• International Rescue Committee (IRC) – Founded in 1933, the International Rescue Committee is the voluntary organization involved in resettlement assistance, global emergency relief, rehabilitation, and advocacy for refugees. The IRC delivers lifesaving aid in emergencies, rebuilds shattered communities, cares for war-traumatized children, rehabilitates health care, water and sanitation systems, reunites separated families, restores lost livelihoods, establishes schools, trains teachers, strengthens the capacity of local organizations and supports civil society and good-governance initiatives. For refugees afforded sanctuary in the United States, IRC offices across the country provide a range of assistance aimed at helping new arrivals get settled, adjust and acquire the skills to become self-sufficient.  Committed to restoring dignity and self-reliance, the IRC is a global symbol of hope and renewal for those who have taken flight in search of freedom.
  • Lutheran World Federation – Specializing in emergency relief linked to disaster preparedness (risk management) and sustainable development.
  • Mennonite Central Committee (MCC) – Relief and development arm of the North American Mennonite and Brethren in Christ churches. MCC sends people, food and material goods to communities recovering from war and natural disasters.
  • Mercy Corps (MC) – Nonprofit organization providing emergency relief and supporting development programs in agriculture, economic development, health, housing and infrastructure, and strengthening local organizations.
  • Overseas Development Institute (ODI) – Independent think-tank on international development and humanitarian issues.
  • Oxfam – Oxfam is a development and relief agency working to end poverty. Oxfam International is a confederation of 12 organizations working together with over 3,000 partners in more than 100 countries to find lasting solutions to poverty, suffering and injustice.
  • Refugees International – Refugees International generates lifesaving humanitarian assistance and protection for displaced people around the world and works to end the conditions that create displacement. Refugees International advocates for refugees through diplomacy and the press.
  • Relief International – Founded in 1990, Relief International provides emergency, rehabilitation and development services that empower beneficiaries in the process. RI’s programs include health, shelter construction, education, community development, agriculture, food, income-generation, and conflict resolution.
  • Save the Children – Save the Children is the leading independent organization creating real and lasting change for children in need in the United States and around the world.  It is a member of the International Save the Children Alliance, comprising 27 national Save the Children organizations working in more than 100 countries to ensure the well-being of children. Save the Children responds to any emergency that puts at great risk the survival, protection, and well-being of significant numbers of children, where addressing the needs and well-being of those children is beyond the indigenous coping capacity, and where Save the Children is able to mobilize the financial and human resources to take urgent action on their behalf.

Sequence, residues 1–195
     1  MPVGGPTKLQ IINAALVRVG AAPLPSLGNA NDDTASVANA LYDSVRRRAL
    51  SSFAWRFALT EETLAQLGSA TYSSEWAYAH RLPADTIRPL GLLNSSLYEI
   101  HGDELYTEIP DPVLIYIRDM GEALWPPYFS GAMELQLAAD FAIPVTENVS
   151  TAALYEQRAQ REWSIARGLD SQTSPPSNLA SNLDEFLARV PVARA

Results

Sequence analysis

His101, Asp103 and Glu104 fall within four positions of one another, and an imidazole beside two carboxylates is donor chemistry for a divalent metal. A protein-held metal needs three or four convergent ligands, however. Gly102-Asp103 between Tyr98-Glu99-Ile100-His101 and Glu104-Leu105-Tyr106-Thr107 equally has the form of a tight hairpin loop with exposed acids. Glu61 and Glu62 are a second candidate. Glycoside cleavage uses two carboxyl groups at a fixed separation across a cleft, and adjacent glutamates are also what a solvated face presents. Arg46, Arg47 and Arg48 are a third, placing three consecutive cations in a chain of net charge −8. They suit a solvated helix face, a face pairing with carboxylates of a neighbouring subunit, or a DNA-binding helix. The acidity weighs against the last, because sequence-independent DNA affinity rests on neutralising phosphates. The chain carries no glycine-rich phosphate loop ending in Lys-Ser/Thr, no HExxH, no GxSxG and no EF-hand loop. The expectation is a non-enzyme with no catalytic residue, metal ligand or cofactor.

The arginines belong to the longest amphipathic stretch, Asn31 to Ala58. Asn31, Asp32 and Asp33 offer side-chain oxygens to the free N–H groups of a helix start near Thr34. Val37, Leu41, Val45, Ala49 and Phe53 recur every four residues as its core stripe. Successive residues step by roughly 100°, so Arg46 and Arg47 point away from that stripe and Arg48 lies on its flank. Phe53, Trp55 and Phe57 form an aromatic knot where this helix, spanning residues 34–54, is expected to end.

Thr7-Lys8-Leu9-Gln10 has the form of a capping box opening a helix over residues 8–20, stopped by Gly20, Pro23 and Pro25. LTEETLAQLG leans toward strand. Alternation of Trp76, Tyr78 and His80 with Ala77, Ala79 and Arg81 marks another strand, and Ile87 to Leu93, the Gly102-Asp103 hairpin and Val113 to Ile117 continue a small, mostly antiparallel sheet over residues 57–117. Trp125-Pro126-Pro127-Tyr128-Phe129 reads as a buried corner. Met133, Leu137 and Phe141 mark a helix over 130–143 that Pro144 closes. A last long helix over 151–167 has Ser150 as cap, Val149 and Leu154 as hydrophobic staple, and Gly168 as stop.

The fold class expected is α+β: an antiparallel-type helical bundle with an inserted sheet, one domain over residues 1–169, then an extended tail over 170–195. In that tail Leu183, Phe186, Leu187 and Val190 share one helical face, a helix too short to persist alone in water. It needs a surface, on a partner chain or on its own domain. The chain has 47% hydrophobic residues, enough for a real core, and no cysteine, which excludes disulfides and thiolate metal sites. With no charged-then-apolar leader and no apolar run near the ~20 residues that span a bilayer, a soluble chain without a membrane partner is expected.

• The Office of U.S. Foreign Disaster Assistance (OFDA) – OFDA is the office within USAID responsible for providing non-food humanitarian assistance in response to international crises and disasters. Responsible for facilitating and coordinating U.S. Government emergency assistance overseas and to provide humanitarian assistance to save lives, alleviate human suffering, and reduce the social and economic impact of natural and man-made disasters worldwide.
  • United Nations Children’s Fund (UNICEF) – While working to ensure the survival, protection and development of children and advocating a high priority for them in the allocation of resources at all times, UNICEF continues to give relief and rehabilitation assistance in emergencies. The agency was awarded the Nobel Peace Prize in 1965.
  • United Nations High Commissioner for Refugees (UNHCR)
  • The UNHCR provides protection and assistance to the world’s refugees. Today, the UNHCR is one of the world’s principal humanitarian agencies, with headquarters in Geneva, and offices in some 115 countries. More than 80 percent of UNHCR’s 5,000-member staff work in the field, often in isolated, dangerous and difficult conditions. The UNHCR has twice been awarded the Nobel Peace Prize for its work.
  • United Nations Office for the Coordination of Humanitarian Affairs (OCHA) – OCHA is mandated to mobilize and coordinate the collective efforts of the international community, in particular those of the UN system, to meet in a coherent and timely manner the needs of those exposed to human suffering and material destruction in disasters and emergencies.
  • US Committee for Refugees (USCR) – Provides aid and resources for refugees worldwide..
  • World Vision International – World Vision is a Christian relief and development organization dedicated to helping children and their communities worldwide reach their full potential by tackling the causes of poverty.

In addition to these resources, ReliefWeb provides a comprehensive Directory of Humanitarian Organisations.